The X-Film formulas, and the Atmospheric formulas, as far as the pre-set ones go, are my favorites, because most of them have a lighter touch. With all of Mextures’ filters, you can adjust the intensity up or down, so it’s easy to fine-tune a shot without making it look over-processed.

Fujifilm X100T shot, edited with Mextures
Fujifilm X100T shot, edited with Mextures

Basically, I use Mextures when I want a bolder, more colorful look, or if I want my photo to have some texture.

iPhone6 shot, edited with Mextures

Next, is Snapseed, which is free in the app store. This app does a few things, and has some filters, but I prefer VSCO Cam and Litely’s filters. What I LOVE about the app is the Brush. With the Brush feature, you can dodge and burn in parts of your image, or paint different areas with different adjustments for exposure, saturation, or temperature. It’s incredible! I love taking photos of the sky, and I often use the burn tool to burn my cloudy skies in. I haven’t played as much with the other brush effects, but the dodging and burning tool alone is worth it to have.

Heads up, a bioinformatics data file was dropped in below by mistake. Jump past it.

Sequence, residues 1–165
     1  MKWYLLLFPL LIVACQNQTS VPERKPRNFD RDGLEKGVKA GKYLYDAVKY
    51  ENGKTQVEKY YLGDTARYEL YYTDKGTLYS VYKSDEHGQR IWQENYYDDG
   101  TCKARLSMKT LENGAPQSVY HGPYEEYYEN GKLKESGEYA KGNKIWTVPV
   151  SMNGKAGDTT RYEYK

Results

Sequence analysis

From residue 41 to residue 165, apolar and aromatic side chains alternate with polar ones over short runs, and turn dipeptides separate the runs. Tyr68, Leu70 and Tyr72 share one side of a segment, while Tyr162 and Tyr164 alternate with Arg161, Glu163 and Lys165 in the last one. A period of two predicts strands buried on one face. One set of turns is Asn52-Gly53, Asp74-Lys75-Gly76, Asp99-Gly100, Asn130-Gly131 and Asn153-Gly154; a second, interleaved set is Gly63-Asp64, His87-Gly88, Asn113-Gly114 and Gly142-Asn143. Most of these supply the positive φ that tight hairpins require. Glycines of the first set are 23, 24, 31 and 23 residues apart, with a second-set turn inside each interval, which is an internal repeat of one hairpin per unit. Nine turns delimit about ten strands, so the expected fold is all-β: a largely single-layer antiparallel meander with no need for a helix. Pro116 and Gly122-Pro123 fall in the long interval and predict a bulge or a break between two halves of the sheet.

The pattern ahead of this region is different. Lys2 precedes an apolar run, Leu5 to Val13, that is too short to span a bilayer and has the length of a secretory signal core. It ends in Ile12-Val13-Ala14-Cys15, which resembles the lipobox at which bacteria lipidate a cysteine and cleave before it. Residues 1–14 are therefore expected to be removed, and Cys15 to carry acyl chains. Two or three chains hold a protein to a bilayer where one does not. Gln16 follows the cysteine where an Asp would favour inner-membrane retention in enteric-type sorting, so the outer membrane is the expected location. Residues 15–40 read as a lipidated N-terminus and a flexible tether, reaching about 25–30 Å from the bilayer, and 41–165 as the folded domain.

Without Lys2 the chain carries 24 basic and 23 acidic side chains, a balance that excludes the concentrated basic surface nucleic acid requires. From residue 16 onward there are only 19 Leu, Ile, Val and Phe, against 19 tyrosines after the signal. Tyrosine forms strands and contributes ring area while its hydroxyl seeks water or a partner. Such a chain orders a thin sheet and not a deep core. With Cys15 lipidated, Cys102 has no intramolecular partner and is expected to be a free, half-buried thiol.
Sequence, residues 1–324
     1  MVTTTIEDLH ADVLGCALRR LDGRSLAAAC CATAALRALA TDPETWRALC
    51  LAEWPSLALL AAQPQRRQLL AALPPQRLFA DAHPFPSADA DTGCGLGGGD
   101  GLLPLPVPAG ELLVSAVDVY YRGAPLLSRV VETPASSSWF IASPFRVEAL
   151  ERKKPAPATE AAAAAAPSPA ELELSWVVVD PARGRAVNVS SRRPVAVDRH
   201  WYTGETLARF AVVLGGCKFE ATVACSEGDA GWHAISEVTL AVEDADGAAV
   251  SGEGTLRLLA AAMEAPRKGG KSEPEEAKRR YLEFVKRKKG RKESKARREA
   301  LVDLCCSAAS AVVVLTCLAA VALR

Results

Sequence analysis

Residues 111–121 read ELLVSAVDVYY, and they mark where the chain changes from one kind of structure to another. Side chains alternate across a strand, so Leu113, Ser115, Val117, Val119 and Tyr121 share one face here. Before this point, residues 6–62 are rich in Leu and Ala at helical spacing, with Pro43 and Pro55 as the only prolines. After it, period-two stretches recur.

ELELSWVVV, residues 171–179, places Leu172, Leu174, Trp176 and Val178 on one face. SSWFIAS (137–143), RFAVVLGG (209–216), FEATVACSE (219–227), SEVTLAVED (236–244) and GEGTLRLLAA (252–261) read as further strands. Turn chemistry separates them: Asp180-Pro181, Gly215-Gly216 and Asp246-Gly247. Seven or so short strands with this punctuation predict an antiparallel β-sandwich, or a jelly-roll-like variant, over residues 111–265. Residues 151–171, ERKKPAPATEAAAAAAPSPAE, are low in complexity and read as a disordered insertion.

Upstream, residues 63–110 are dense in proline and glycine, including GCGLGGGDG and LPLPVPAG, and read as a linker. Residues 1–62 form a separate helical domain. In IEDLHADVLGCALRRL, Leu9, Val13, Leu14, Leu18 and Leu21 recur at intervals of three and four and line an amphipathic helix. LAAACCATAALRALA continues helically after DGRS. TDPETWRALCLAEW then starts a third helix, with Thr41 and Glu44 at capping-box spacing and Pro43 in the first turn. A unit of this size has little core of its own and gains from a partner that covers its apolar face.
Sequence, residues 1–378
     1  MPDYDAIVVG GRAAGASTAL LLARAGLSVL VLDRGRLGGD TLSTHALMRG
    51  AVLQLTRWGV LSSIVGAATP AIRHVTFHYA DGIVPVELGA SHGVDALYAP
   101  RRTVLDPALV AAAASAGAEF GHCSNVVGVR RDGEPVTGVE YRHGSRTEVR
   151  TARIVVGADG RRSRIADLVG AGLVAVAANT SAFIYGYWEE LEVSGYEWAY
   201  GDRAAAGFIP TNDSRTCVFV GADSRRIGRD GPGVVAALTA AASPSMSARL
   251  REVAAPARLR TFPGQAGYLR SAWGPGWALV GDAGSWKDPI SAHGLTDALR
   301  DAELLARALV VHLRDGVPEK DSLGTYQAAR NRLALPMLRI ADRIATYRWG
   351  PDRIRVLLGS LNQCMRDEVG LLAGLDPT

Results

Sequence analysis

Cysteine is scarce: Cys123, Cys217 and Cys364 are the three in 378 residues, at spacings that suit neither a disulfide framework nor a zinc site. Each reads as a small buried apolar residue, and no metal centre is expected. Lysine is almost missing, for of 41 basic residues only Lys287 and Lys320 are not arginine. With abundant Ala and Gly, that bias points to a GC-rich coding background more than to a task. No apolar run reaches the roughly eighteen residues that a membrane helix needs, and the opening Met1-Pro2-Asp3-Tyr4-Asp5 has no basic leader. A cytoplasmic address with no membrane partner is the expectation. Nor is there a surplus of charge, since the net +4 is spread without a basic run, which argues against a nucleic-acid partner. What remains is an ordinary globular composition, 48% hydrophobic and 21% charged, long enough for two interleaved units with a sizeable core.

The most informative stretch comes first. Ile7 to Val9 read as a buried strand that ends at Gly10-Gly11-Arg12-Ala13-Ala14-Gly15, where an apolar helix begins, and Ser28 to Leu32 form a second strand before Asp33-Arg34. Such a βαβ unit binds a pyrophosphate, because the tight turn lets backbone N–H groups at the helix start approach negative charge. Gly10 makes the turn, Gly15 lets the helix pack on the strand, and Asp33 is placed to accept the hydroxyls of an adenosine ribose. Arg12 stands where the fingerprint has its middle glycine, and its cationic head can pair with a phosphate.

Raw iPhone6 Image:


After burning the mountains in with Snapseed:


Then Filtered with VSCO Cam:

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Processed with VSCOcam with 4 preset

I also think the transform feature on Snapseed is pretty cool: it allows you to adjust the angle of your photo by either tilting it on a horizontal or vertical axis, or by rotating it. It also fills in the sides when it rotates, usually decently accurately. The Selective feature in Snapseed is one that I haven’t used much yet, but it’s also really cool: it allows you to adjust sections you tap, in your photo, and bring the contrast, saturation, or brightness up or down, in just the specified area, leaving the rest of the photo alone. I don’t know if any other apps let you do this, so it’s definitely a feature worth noting.

iPhone6 shot, edited with Mextures, then tilted on a vertical axis, backward, using Snapseed’s Transform feature.